Forest Whitaker as Brad Boyd
America Ferrera as Lucia Ramirez
Carlos Mencia as Miguel Ramirez
Regina King as Angela
Lance Gross as Marcus Boyd
Diana-Maria Riva as Sonia Ramirez
Lupe Ontiveros as Momma Cecilia
Anjelah Johnson as Isabella Ramirez
Lucia (America Ferrera) and Marcus (Lance Gross) are young and in love, and they’re getting ready to do what any young couple will. Get married and move to Laos to help disadvantaged third world citizens. But before they can do that, they have to tell their parents.
Take any wedding comedy since the original “Father of the Bride,” mix liberally with “Guess Who’s Coming to Dinner” and you’ve just about got “Our Family Wedding.”
Lucia and Marcus both come from well-to-do Los Angeles families, but that’s about where the similarities end. Marcus was raised almost single-handedly by his playboy radio personality father (Forest Whitaker) while Lucia comes from a very traditional Hispanic clan who aren’t entirely thrilled she hasn’t found a nice Hispanic boy to settle down with.
Rick Famuyiwa’s (“The Wood”) wedding comedy is about as rote as the rest of his work, which is probably why it got made. He specializes in very conventional films with well worn plots that are easy for studios and audiences to understand.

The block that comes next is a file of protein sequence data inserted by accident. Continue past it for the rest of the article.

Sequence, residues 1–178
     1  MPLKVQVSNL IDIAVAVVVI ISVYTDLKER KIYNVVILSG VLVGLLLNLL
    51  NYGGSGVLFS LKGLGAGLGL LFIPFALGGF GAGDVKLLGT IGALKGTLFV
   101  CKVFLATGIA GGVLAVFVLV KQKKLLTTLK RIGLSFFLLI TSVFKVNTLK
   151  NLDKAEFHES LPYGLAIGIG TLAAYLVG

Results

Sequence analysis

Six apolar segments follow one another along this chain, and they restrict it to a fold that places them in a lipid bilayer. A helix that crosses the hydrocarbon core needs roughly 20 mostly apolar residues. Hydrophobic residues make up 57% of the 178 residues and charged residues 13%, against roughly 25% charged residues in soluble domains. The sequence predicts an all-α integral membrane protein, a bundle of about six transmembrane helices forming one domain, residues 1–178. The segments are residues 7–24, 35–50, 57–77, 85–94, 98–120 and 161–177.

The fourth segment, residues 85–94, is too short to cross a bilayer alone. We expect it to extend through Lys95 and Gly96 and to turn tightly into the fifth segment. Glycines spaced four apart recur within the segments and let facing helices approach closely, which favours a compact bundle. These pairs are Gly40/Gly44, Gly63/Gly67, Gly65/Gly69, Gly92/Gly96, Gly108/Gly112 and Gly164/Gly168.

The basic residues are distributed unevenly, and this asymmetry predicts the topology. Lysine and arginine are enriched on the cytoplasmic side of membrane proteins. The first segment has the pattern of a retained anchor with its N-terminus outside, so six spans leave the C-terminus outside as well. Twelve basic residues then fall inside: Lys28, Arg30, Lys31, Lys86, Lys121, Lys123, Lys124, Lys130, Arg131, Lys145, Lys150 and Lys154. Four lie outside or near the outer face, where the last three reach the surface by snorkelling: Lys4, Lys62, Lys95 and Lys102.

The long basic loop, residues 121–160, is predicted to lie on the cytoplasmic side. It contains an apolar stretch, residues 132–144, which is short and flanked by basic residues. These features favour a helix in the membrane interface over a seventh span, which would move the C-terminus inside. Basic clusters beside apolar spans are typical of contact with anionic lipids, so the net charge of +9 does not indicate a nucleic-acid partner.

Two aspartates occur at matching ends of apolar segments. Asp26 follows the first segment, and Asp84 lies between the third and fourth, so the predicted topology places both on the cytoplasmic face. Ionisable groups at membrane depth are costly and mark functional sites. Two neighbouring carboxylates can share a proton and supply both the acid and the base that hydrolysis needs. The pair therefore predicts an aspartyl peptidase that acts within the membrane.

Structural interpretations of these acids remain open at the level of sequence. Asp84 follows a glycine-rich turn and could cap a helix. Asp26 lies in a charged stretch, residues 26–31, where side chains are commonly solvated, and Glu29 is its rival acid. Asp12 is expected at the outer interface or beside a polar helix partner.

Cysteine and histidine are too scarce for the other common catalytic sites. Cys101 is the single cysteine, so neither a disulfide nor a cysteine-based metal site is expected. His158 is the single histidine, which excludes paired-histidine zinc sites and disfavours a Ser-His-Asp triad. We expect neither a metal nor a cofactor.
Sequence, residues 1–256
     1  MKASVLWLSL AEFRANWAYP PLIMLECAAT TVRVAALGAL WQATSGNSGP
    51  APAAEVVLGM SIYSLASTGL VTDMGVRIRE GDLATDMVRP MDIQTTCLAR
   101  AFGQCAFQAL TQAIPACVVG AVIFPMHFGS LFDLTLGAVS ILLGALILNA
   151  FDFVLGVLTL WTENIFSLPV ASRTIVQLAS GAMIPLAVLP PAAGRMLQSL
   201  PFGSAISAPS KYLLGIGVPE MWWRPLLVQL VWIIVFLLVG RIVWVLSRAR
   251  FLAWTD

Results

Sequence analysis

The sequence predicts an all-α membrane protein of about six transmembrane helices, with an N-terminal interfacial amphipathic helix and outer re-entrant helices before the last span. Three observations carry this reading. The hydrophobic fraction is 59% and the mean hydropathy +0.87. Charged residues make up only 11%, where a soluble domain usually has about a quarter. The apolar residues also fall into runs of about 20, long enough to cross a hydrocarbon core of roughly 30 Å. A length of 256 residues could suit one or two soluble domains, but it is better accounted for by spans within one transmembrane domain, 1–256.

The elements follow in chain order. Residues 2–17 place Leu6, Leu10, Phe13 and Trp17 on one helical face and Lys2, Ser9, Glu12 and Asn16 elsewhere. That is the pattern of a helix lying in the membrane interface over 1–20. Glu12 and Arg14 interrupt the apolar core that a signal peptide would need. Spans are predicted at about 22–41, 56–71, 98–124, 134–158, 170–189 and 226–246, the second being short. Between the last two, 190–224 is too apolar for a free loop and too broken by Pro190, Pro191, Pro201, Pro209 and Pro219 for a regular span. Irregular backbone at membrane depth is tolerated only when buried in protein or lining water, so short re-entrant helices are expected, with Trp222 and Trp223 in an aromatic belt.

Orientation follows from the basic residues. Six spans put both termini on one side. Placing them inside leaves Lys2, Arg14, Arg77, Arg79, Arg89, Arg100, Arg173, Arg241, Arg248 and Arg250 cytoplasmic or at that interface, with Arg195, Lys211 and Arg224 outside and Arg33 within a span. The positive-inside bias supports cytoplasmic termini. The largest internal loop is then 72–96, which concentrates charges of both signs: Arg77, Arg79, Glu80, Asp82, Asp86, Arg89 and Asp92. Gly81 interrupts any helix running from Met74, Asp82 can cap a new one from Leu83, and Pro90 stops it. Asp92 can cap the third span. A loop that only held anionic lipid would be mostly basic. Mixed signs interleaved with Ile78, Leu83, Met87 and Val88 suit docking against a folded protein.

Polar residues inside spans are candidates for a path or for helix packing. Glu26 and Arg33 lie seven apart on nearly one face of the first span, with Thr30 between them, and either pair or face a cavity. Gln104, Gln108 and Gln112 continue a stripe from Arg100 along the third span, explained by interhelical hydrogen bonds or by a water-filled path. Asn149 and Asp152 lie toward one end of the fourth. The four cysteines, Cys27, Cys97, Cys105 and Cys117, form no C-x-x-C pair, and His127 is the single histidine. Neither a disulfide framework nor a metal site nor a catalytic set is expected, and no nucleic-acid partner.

That doesn’t mean “Our Family Wedding” is entirely without charm. Conventional isn’t necessarily the end of the world. A good cast can make something out of it and Famuyiwa’s has got some good actors to work with. Ferrera is as spunky and fun as usual and Anjelah Johnson is a surprising treat as her sarcastic younger sister.
However, despite the fact that the plot revolves around the young couple’s wedding, it’s not really about them; it’s about their parents letting go and moving on. Whitaker does a decent enough job as a successful man who never entirely grew up, especially in his scenes with Regina King as his oldest friend. They’re story line is a predictable as you can imagine but they actually make it work out of sheer chemistry.
It’s all for naught though because so much time is given over to Carlos Mencia, who sucks the life out of every frame of film he’s in. No matter how ridiculous or stressful or emotional the scene may be, Mencia is only capable of delivering in the same dreadful monotone.
The rest of “Our Family Wedding” isn’t terrible, just extremely uninspired. If you’ve never seen a screwball family comedy before it’s not a bad introduction, and it will certainly introduce you to some of the standards like the overbearing grandmother, the whipped husband whose wife constantly calls him, and the accidental destruction of a host’s bathroom. Even a gag with a goat that accidentally takes an overdose of Viagra is far less funny than it sounds, nor is the dialogue remotely good enough to smooth out the film’s tepid conception. When all the tension comes from trying to figure out if the filmmakers are going to do the most obvious thing or not, that’s not much in the way of storytelling.
Except for Mencia, who should never be allowed near a camera again, “Our Family Wedding” isn’t particularly awful, but that’s about the best that can be said about it.